Church, who are we to pray for? We are to pray for all humankind as well as those who are leaders in our society and political sphere. Did you notice who was excluded from the list? Ourselves. The Church’s prayers are directed for the benefit of others. The Church isn’t praying for itself but for everyone else in the world who are part of the Church or for those who are not. The Church’s number one task is to pray for all people. We are to pray for people we like and for those we dislike. We are to pray for those of like minds as well as for those who think contrary to what we believe. We are to pray for the Ukrainians and at the same time, we are to pray for the Russian soldiers and mercenaries who are brutally torturing innocent people. We are to pray for everyone.
We are also to be specific and pray for our leaders in society even if we believe they are jerks and are acting out of their own self-interest. He’s telling the Ephesians to pray for Caesar and the Roman guards. He’s telling the Jewish believers to pray for the Gentile believers in power. He’s telling you and me to pray for Putin and Zelensky. Democrats are to pray for their Republican counterparts and vice-versa. We are to pray for our police and fire chiefs, mayors, and city council members. And why are we to pray for them?
We are not praying for their cause. We are not praying for their success and prosperity. We are not praying for them because we agree with them or disagree with them and want them to see things our way. No, we lift all types of prayers for humankind and those in charge and rulers so that we, the Church, the Body of Christ, may live quiet, peaceable lives in a manner God finds appealing and beneficial. We are to pray for our Kings, Presidents, governors, and the like so that under their leadership, the Church can quietly be about the business of doing the ministry of Jesus to the people in the world. We pray for our leaders so that the environment is conducive to sharing the love of Jesus Christ.
So why is this important? Because verse 4 reminds us God, “desires everyone to be saved and to come to the knowledge of the truth.” Paul calls the Church to pray for society’s leaders for the sole, evangelistic purpose of sharing the Good News of Jesus to those who are deaf to whispers of the Spirit. Beloved, this church, the Episcopal church across the street, First Baptist, First Methodist, and St. Anthony’s Catholic Church are to be praying for our leaders so that we can live unhindered Christian lives in order to share the Gospel and radically burn this town down with the flames of the Holy Spirit.
Now, switching our gears a little bit, we will look at Lesson 2. If we slide our finger back a few paragraphs to the first chapter, we note that Paul was encouraging Timothy to teach sound doctrine to the Church with love as its foundation. Our scripture today not only tells the Church to pray for an environment where we can winsomely share the Good News but in verses 5 and 6, Paul gives us the kernel, the essence of what that winsome news is. He gives Timothy the answer to those false teachers referenced in the first chapter. Paul is reminding Timothy and the Church, that the Winsome News of the Gospel is to share with others that –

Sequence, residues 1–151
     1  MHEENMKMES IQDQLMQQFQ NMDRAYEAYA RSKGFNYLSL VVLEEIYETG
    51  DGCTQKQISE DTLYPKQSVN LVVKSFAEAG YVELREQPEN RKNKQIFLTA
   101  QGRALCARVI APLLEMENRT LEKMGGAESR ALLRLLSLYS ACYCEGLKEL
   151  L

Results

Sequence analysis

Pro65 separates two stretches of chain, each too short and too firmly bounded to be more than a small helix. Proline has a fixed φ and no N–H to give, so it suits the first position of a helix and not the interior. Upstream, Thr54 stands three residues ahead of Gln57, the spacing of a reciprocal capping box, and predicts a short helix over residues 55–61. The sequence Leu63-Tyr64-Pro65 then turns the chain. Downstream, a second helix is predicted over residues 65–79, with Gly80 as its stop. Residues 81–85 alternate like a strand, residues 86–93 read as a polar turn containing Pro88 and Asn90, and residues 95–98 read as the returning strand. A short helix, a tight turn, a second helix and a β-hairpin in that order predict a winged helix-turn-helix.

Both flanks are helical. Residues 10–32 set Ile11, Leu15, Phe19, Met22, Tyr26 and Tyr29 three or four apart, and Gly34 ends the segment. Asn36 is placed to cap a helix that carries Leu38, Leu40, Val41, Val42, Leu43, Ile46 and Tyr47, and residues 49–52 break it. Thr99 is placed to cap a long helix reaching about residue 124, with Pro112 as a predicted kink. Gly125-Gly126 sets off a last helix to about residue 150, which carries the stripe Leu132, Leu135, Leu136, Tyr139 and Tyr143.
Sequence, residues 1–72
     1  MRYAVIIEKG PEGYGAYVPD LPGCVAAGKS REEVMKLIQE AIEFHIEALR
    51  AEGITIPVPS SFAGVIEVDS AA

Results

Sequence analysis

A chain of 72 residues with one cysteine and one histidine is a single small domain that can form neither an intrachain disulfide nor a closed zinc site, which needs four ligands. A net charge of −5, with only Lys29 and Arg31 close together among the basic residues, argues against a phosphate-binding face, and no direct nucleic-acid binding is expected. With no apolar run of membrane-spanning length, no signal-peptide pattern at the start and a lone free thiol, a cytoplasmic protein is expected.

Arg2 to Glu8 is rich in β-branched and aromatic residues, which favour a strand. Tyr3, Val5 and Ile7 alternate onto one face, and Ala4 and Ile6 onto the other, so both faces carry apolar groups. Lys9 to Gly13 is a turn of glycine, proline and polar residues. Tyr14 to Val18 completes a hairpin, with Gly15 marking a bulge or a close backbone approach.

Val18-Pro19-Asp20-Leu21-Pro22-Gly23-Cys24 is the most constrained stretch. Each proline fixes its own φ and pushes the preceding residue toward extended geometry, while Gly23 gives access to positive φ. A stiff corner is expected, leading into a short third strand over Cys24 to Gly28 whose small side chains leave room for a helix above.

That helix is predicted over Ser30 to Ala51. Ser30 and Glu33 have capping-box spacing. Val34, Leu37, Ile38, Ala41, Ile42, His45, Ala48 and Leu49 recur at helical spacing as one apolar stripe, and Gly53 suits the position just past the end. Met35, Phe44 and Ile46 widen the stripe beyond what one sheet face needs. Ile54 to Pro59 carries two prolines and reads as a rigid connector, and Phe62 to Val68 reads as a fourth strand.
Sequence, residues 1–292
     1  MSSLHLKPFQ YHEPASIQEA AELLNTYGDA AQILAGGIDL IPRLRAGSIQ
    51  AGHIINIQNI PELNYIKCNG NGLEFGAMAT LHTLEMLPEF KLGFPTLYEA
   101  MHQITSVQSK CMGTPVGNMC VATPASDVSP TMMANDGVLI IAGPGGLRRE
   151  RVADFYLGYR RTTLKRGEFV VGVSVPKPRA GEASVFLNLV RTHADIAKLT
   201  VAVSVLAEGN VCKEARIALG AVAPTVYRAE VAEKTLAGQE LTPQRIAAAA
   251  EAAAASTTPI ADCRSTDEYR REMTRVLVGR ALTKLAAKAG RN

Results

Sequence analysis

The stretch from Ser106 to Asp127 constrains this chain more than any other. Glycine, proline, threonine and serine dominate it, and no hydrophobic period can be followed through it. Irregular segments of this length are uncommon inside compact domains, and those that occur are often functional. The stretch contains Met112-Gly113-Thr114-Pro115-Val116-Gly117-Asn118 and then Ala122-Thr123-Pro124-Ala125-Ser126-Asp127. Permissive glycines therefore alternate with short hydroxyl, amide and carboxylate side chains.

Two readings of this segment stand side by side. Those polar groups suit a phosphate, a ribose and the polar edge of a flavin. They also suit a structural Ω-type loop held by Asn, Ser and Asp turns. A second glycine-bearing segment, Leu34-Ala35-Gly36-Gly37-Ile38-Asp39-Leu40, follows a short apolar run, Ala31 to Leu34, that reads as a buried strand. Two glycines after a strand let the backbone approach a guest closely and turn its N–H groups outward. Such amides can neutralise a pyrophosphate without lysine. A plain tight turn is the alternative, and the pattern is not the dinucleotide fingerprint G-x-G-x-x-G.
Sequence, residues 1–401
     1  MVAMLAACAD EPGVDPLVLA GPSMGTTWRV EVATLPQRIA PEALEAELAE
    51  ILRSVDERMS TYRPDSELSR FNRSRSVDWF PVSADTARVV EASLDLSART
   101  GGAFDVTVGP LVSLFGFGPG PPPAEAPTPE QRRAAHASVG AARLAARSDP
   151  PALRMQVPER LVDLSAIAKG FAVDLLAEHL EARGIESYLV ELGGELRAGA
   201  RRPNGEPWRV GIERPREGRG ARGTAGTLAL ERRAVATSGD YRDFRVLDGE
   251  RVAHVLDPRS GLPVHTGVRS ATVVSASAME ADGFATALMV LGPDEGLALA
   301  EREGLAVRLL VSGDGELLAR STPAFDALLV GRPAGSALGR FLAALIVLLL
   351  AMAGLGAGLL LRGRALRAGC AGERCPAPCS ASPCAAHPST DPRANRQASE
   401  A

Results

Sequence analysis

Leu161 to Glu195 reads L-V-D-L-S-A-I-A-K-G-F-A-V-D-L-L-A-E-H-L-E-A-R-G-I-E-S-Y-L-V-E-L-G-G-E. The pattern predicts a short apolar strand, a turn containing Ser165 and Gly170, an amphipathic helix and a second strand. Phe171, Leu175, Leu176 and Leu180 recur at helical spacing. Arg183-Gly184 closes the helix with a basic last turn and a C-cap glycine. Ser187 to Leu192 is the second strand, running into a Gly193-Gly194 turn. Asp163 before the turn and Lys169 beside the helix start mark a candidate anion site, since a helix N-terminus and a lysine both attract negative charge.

There is only One God, and his Savior is Jesus;
There is but one mediator standing in the gap between the Divine and all humankind;
That Jesus was indeed a true human being, a flesh and blood man; and,
This man Jesus humbled himself in love for us in order for him to be the ransom, the payoff, for all people.
So, beloved, this is the essence of the Christian message. There is One God and Savior who became a human being in order to hold heaven and Earth together by ransoming, giving up his rights as God so that you and I can live to tell others the Winsome News of salvation.
Church, Paul gave us our marching orders this morning. We are called to pray for everyone we see in the world, including our civic leaders, so that we can share the Winsome News of God’s presence and work in Jesus of Nazareth, the man who is also the Beloved, God himself. So, let’s all say that we will commit to doing this as a church. Can you do that? Amen?
© 2022 Patrick H. Wrisley, Pastor, First Presbyterian Church, 401 SE 15th Avenue, Fort Lauderdale, FL. 33301. Sermon manuscripts are available for the edification of members and friends of First Presbyterian Church, Fort Lauderdale, Florida, and may not be altered, re-purposed, published, or preached without permission. All rights reserved.
 See 1 Timothy 1:3-11.
 New Revised Standard Version (NRSV). New Revised Standard Version Bible, copyright © 1989 the Division of Christian Education of the National Council of the Churches of Christ in the United States of America. Used by permission. All rights reserved.